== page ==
43Ye have heard that it hath been said, Thou shalt love thy neighbour, and hate thine enemy. 44But I say unto you, Love your enemies, bless them that curse you, do good to them that hate you, and pray for them which despitefully use you, and persecute you; 45That ye may be the children of your Father which is in heaven: for he maketh his sun to rise on the evil and on the good, and sendeth rain on the just and on the unjust. 46For if ye love them which love you, what reward have ye? do not even the publicans the same? 47And if ye salute your brethren only, what do ye more [than others]? do not even the publicans so? 48Be ye therefore perfect, even as your Father which is in heaven is perfect.

Matthew 5:43–48, KJV

But what is this “love” that Christians are to display? What does it look like? What are its features?

To define what the Bible means when it tells we believers to love God and our neighbors (and each other and our enemies), we have to look at what it means “to love” (agapaó) someone. And in order to examine what Scripture means by that, we must examine what’s commonly called “the love chapter” in the Bible: I Corinthians 13.

1Though I speak with the tongues of men and of angels, and have not charity, I am become [as] sounding brass, or a tinkling cymbal. 2And though I have [the gift of] prophecy, and understand all mysteries, and all knowledge; and though I have all faith, so that I could remove mountains, and have not charity, I am nothing. 3And though I bestow all my goods to feed [the poor], and though I give my body to be burned, and have not charity, it profiteth me nothing.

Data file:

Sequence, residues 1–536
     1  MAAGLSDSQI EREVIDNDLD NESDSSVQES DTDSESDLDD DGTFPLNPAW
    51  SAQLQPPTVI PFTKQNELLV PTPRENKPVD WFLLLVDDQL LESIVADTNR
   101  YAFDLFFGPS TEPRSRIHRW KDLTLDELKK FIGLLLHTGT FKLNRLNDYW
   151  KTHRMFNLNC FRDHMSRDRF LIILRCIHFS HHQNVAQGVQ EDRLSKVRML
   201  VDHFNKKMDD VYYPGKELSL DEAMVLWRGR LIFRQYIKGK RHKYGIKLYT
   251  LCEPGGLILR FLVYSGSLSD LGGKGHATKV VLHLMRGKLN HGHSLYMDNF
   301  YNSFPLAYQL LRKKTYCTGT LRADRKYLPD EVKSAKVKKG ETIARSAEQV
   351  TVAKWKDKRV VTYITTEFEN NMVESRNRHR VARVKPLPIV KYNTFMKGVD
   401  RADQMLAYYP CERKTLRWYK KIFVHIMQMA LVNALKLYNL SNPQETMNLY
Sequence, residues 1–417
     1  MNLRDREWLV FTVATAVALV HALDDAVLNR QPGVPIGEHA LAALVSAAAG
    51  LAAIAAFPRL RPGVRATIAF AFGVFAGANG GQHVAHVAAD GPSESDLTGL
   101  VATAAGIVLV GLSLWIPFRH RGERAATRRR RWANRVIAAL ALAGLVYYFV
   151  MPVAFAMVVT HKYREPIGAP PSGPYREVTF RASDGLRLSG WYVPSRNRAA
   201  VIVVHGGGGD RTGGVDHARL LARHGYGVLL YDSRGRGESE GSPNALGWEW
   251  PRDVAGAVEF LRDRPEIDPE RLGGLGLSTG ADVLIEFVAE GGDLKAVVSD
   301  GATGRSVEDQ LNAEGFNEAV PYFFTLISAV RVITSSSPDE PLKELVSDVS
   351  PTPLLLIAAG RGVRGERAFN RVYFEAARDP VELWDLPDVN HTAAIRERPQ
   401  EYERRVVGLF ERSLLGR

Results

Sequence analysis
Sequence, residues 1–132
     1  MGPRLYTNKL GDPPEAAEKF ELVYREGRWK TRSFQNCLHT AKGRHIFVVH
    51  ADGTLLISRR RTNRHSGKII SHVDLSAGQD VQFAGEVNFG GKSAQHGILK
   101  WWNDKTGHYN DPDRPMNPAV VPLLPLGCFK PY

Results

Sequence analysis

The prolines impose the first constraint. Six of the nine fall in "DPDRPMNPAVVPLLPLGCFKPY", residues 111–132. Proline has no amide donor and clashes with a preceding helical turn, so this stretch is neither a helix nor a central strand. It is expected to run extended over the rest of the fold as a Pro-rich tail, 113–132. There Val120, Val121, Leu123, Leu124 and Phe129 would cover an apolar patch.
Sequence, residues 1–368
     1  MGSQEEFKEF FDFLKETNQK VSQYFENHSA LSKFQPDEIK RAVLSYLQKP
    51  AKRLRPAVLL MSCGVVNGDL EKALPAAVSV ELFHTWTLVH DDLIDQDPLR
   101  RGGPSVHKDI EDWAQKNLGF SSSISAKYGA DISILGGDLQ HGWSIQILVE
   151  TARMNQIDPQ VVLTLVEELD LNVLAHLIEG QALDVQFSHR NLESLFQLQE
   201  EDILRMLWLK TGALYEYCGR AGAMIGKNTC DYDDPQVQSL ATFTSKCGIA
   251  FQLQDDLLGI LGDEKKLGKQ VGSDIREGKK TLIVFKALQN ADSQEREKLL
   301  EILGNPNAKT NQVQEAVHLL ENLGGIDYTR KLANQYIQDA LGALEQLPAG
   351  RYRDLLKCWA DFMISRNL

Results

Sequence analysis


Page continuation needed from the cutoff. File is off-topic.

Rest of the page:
4Charity suffereth long, [and] is kind; charity envieth not; charity vaunteth not itself, is not puffed up,5Doth not behave itself unseemly, seeketh not her own, is not easily provoked, thinketh no evil;6Rejoiceth not in iniquity, but rejoiceth in the truth; 7Beareth all things, believeth all things, hopeth all things, endureth all things.

8Charity never faileth: but whether [there be] prophecies, they shall fail; whether [there be] tongues, they shall cease; whether [there be] knowledge, it shall vanish away. 9For we know in part, and we prophesy in part. 10But when that which is perfect is come, then that which is in part shall be done away. 11When I was a child, I spake as a child, I understood as a child, I thought as a child: but when I became a man, I put away childish things. 12For now we see through a glass, darkly; but then face to face: now I know in part; but then shall I know even as also I am known. 13And now abideth faith, hope, charity, these three; but the greatest of these [is] charity.

I Corinthians 13, KJV

The word translated as charity in the King James Version is agapé, which is what we now (centuries after the KJV was originally translated) call “love, goodwill” and is the noun form of agapaó, the verb Jesus uses in Mark 12 that is translated as “love”. The noun agapé and verb agapaó are each used more than 100 times each in Scripture—for how we are to feel towards God and each other, for how God feels towards His children, and for other relationships.